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Old 04-20-2010, 09:11 PM
Hellashot Hellashot is offline
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Default My kodachrome vs. Velvia scanning verdict

I've just scanned a bunch of both Velvia 50 and Kodachrome 64 slide exposures. All were shot last year, cared for and stored in the same manner. My verdict is that Kodachrome really attracts dust, much more than Velvia. My Kodachrome scans are just riddled with dust, very dirty. Velvia is pretty darn clean as far as attracting dust!

Now I'm kind of glad I wasn't able to buy more rolls of Kodachrome, or I'd have much more of a headache with extra dust to clone and heal out!

Oh, and I've also noticed that Velvia 50 is noticeably sharper than Kodachrome 64.
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Old 04-20-2010, 11:17 PM
kodakrome kodakrome is offline
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Originally Posted by Hellashot View Post
I've just scanned a bunch of both Velvia 50 and Kodachrome 64 slide exposures. All were shot last year, cared for and stored in the same manner. My verdict is that Kodachrome really attracts dust, much more than Velvia. My Kodachrome scans are just riddled with dust, very dirty. Velvia is pretty darn clean as far as attracting dust!

Now I'm kind of glad I wasn't able to buy more rolls of Kodachrome, or I'd have much more of a headache with extra dust to clone and heal out!

Oh, and I've also noticed that Velvia 50 is noticeably sharper than Kodachrome 64.
Shot about 200 rolls of Kodachrome in the past 6 months. My verdict? Velvia sucks next to Kodachrome. The colors are just awful.
Dust? What dust? 2 strokes with a brush just before scanning (a routine I do with all slides regardless of the brand) and I noticed that Kodachrome has exactly the same amount of dust as Velvia: None.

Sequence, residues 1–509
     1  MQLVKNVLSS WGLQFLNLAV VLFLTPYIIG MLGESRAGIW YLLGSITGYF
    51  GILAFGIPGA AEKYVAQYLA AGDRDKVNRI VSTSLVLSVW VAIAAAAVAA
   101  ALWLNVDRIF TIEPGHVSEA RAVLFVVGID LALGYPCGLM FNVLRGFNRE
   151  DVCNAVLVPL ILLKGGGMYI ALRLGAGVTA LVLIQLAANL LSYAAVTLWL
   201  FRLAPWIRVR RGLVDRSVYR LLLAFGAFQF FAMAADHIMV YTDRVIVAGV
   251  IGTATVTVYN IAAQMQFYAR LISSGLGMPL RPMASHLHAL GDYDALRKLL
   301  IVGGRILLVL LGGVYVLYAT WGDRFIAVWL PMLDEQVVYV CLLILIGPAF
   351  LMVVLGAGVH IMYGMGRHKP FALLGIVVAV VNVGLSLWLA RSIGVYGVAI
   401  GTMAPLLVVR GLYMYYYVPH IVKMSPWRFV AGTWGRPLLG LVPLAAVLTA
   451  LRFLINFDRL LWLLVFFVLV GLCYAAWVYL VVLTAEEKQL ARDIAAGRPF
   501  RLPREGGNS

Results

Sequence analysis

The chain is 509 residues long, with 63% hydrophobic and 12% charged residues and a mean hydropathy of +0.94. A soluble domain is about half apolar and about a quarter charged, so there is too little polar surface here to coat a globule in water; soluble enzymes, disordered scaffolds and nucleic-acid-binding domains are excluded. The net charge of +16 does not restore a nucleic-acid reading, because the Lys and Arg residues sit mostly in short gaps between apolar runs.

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Old 04-21-2010, 11:50 AM
kevinkar kevinkar is offline
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I've got over 2000 slides and some are dusty and some are not. I think it has a lot to do with humidity and when/where they were stored.

If it was a dry day and there was a particular amount of dust in the air, the slides probably picked up more dust than normal. If it was a more humid day and not quite so much dust, well, those will be cleaner.

So I can definitely see one set of slides being more dusty than the other. Not sure you can generalize it as an absolute though so Hellashot, I'd suggest you clean them up and store them as normal and see how they turn out in a couple of weeks or months. If they are again more dusty that the Velvia, you may have a static electricity issue in your work and storage areas.

Do you have one of those antiquated static guns for LPs? I wonder if that might zap the slide enough to get the dust to drop off.....
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Old 04-23-2010, 01:57 AM
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jcbenner jcbenner is offline
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Originally Posted by kodakrome View Post
Shot about 200 rolls of Kodachrome in the past 6 months. My verdict? Velvia sucks next to Kodachrome. The colors are just awful.
Yea, no kidding, the colors of Velvia are putrid. If absolute sharpness is a must, go digital.
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Old 04-24-2010, 01:05 PM
Hellashot Hellashot is offline
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Shot about 200 rolls of Kodachrome in the past 6 months. My verdict? Velvia sucks next to Kodachrome. The colors are just awful.
Just sharing my experience. And like I said both my Velvia and kodachrome were shot last year, cared for and stored in the exact same manner. And Velvia has more resolution. And as far as colors? Tune the WB/tint and color HSL to taste with Lightroom for either type of slide film after scanning.

Also the cardboard mount Dwyanes' uses leads to lost resolution due to frayed edges along with the ridiculous curved "corners" that cause me to heal & clone to make a respectable corners of scans. I requested plastic mounts but never got them. The plastic mounts don't have frayed edges and have square corners.